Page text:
The guys that made TItE admit that they are students of the Apatow school of cinema. Judd Apatow’s breakthrough movie was The 40-Year Old Virgin, which is a tender, late-coming-of-age film filled with ridiculous humor. That movie kicked off a series of comedies with the same recipe: oodles of sentimentality with silly improvised dialogue. With each Apatow-helmed movie, both the emotion and the humor felt more and more forced. They were relying too heavily on their actors’ irreverent improvisations while forgetting to be well-written movies. Kind of like how the series of movies with the word “RoboCop” in their titles became less and less badass with each release. They wanted cool robot fights, but didn’t bother with any of the depth the original RC had. For this reason, they cannot even be considered RoboCop movies. In fact, there’s reason to start a petition to remove that word from their titles.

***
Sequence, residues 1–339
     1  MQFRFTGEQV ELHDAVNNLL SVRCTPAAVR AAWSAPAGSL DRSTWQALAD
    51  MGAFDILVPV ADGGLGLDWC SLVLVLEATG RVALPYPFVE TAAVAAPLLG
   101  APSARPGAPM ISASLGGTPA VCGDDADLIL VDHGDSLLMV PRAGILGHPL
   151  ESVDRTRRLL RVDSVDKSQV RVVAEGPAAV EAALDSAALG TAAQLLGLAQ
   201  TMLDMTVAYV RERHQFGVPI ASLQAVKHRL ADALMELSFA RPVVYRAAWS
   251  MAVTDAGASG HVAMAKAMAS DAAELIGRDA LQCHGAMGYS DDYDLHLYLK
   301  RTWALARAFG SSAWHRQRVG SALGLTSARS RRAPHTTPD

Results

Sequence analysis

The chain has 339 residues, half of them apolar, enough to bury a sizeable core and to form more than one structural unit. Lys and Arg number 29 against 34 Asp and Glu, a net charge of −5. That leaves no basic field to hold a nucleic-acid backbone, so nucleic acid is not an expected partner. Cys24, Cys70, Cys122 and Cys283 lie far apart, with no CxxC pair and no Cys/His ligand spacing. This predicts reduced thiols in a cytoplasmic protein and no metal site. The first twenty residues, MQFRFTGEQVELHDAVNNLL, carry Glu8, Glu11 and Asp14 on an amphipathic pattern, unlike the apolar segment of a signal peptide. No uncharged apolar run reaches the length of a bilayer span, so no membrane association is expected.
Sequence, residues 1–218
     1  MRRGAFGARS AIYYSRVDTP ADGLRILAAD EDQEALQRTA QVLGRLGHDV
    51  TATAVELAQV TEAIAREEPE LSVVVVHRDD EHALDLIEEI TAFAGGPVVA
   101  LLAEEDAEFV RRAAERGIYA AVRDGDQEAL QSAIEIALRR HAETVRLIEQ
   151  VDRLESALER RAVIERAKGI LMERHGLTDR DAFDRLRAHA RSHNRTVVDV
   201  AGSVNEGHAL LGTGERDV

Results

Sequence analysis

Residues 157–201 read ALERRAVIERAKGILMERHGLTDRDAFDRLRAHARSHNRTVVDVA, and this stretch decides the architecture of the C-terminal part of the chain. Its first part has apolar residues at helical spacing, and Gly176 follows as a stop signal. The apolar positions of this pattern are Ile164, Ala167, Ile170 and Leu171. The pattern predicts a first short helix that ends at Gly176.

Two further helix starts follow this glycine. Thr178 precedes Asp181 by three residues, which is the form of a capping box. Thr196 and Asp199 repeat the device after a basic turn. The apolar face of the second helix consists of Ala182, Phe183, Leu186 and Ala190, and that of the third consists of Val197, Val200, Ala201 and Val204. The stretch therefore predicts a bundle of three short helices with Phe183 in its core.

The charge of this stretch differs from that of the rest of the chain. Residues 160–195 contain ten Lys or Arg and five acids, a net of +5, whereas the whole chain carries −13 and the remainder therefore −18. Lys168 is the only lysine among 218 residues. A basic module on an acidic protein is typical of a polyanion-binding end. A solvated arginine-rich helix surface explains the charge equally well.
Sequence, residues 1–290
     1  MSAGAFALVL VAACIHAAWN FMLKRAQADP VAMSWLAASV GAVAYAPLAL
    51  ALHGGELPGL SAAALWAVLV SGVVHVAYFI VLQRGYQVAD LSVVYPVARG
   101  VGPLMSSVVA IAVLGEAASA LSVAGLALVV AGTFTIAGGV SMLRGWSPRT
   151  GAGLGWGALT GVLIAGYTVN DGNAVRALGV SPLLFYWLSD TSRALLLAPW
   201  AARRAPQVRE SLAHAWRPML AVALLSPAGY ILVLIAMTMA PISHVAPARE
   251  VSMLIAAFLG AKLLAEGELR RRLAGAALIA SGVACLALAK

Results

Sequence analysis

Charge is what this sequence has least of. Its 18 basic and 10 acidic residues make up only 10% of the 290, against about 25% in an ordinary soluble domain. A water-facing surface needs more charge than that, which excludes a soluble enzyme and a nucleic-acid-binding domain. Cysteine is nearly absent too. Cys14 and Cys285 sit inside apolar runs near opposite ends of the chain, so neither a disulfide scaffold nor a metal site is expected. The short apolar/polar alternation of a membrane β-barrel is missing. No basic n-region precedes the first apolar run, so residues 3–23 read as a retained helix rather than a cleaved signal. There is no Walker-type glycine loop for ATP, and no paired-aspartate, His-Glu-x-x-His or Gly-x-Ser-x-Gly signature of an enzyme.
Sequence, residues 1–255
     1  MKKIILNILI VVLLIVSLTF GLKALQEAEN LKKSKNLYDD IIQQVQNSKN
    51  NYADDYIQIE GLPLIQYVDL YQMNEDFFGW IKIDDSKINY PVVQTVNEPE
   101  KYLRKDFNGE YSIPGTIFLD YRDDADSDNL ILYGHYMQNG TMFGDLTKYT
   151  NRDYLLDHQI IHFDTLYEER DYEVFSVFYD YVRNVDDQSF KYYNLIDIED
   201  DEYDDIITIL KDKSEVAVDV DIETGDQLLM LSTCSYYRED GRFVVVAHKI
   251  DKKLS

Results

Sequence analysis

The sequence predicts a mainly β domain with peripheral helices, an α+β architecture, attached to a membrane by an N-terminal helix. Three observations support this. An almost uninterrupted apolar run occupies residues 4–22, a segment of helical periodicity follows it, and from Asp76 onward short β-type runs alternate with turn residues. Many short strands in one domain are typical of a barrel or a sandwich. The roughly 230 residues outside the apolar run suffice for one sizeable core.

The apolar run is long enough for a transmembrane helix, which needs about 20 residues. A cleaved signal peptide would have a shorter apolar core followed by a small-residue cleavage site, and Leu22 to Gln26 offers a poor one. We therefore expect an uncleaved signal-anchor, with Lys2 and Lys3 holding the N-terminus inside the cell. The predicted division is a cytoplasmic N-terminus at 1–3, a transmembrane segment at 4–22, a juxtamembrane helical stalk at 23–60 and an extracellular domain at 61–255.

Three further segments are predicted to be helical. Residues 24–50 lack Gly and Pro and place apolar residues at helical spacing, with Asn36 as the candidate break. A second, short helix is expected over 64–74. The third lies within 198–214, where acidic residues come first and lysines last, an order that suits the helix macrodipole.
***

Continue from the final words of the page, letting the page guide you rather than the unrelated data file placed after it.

Anyway, though Apatow-produced movies like Walk Hard and Forgetting Sarah Marshall were as hilarious as they were refreshing, the movies that wanted to be like 40-Year-Old just got boring. Part of what made the above movies great is that they felt like well-written movies first and comedies second.  TItE barely makes an attempt at being anything else but an improv-style comedy. So when the familiar, tired, comedic bickering between actors isn’t working, it feels like a failure. Actually, RoboCop actually has more laughs in it than this movie. The man behind Bixby Snyder was a comedic genius, and who can forget ED-209’s last, sputtering moments before collapsing outside of the OCP building?